Komuniteti Ashkali dhe Komuniteti i Egjiptianëve të Ballkanit
|Regions with significant populations|
|Christianity (Albanian Orthodox, Albanian Catholic), Islam (Sunni, Bektashi)|
The Ashkali (Serbian: Ашкалије, romanized: Aškalije), also Hashkali (Serbian: Хашкалије, romanized: Haškalije), and Balkan Egyptians (Serbian: Балкански Египћани, romanized: Balkanski Egipćani; Albanian: Komuniteti i Egjiptianëve të Ballkanit; Macedonian: Ѓупци, romanized: Gjupci) are Albanian-speaking ethnic cultural minorities (recognized communities), unrelated to each other, which mainly inhabit Kosovo, and in the case of Balkan Egyptians Albania as well. Due to lack of studies, the communities in Kosovo are often grouped together based on their skin colour. Prior to the Kosovo War of 1999, the Ashkali people registered themselves as Albanians.
During the Kosovo War, Kosovo's Ashkali people were displaced as refugees in Albania, Serbia and Macedonia and the whole of Western Europe, such as Germany and France. The Ashkali identity was created in 1999, as they tried to show their pro-Albanian stance and distinguish themselves from the Roma.
The first arrival of Balkan Egyptians was during the Iron Age, at the reigns of Seti I and Ramesses II, who imported iron to the Balkans. According to Herodotus' texts, during the Ancient period, among the Greeks and other Balkan populations, people of Egyptian origin lived in their neighbourhood. Furthermore, some temples of the Goddess Isis have been preserved around the Balkans, most famously the ones in modern Ohrid and Bitola.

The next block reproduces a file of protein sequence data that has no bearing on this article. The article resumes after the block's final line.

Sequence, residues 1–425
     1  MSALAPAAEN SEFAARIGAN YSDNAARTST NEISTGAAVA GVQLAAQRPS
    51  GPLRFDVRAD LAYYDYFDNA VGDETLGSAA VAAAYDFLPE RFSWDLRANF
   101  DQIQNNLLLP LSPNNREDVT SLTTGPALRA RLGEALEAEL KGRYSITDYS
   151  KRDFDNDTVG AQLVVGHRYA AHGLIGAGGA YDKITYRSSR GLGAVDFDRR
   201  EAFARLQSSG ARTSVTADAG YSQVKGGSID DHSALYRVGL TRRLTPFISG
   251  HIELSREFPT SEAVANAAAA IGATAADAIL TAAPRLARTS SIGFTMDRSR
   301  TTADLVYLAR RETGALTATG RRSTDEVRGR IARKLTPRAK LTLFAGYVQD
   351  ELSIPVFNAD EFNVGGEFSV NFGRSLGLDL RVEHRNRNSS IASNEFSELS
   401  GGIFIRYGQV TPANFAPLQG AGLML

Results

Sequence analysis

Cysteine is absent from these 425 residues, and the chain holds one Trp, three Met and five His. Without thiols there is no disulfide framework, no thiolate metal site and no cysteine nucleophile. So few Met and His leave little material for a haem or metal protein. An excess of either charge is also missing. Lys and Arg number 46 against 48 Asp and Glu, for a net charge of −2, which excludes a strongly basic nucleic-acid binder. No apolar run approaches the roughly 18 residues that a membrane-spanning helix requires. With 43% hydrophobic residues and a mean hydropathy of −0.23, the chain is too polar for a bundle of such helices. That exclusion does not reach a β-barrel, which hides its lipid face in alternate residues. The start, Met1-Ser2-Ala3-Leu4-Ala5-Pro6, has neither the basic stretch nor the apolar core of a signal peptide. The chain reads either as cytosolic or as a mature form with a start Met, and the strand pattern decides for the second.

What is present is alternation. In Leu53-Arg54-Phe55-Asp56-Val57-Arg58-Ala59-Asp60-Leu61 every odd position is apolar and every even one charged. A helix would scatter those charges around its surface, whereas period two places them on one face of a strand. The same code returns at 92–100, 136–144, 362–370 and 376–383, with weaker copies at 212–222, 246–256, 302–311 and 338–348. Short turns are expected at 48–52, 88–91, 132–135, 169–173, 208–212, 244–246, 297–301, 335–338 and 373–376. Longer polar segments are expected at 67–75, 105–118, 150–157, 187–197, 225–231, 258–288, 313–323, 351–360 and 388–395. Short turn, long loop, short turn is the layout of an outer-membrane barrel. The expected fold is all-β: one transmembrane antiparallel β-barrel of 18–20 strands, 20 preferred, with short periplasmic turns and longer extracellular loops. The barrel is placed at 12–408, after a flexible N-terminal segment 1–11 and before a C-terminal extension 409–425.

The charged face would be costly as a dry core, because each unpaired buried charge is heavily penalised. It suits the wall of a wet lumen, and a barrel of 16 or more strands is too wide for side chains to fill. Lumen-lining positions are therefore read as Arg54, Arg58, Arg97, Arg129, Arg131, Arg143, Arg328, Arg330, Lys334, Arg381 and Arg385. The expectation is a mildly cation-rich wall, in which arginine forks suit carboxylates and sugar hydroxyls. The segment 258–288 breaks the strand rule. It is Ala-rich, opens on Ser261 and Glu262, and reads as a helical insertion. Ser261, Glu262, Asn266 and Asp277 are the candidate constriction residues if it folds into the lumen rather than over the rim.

Their presence in the Balkans is mentioned throughout Antiquity and the Middle Ages. A 14th-century reference to a placename (Агѹповы клѣти, Agupovy klěti) in the Rila Charter of Ivan Alexander of Bulgaria is thought to be related to the Balkan Egyptians according to some authors, such as Konstantin Josef Jireček.
With the arrival of the Romani people in Europe, historical sources reveal a confusion between the two communities, caused by the Romani's identification as "Egyptian", for a greater priviledge in society. However, unlike Balkan Egyptians who were integrated in their respective countries, the Roma lived a nomadic lifestyle while mantaining their Indo-Aryan language and traditions. On the other hand, B. Egyptians were already part of the society where they lived. One example is a Document from 1362 in the Archives of Dubrovnik where two brothers, Vlaho and Vitan who bear Croatian Christian names indicating their assimilation, are mentioned as Egyptian. During this period the Romani were still Nomads. 
In 1990, an "Egyptian association" was formed in Ohrid, North Macedonia, which was attended by representatives from different Balkan countries.
During the Kosovo War, Albanized Roma were displaced as refugees in Albania and the Republic of Macedonia. Albanized Roma formed the ethnic group Ashkali after the end of the war in 1999, to show their pro-Albanian stance and distinguish themselves from the Roma, who had been mistakenly viewed as pro-Serbian during the war. Many Albanized Roma were also sent to refugee camps with other Roma, with whom they did not share the same language and customs. As the majority of Kosovo (or Albanized) Roma, many Ashkali refugees settled in Serbia and Montenegro. The first Ashkali party (Democratic Party of the Ashkali Albanians of Kosovo) was formed in 2000 under Sabit Rrahmani, who supported Kosovo independence in the name of all Ashkali.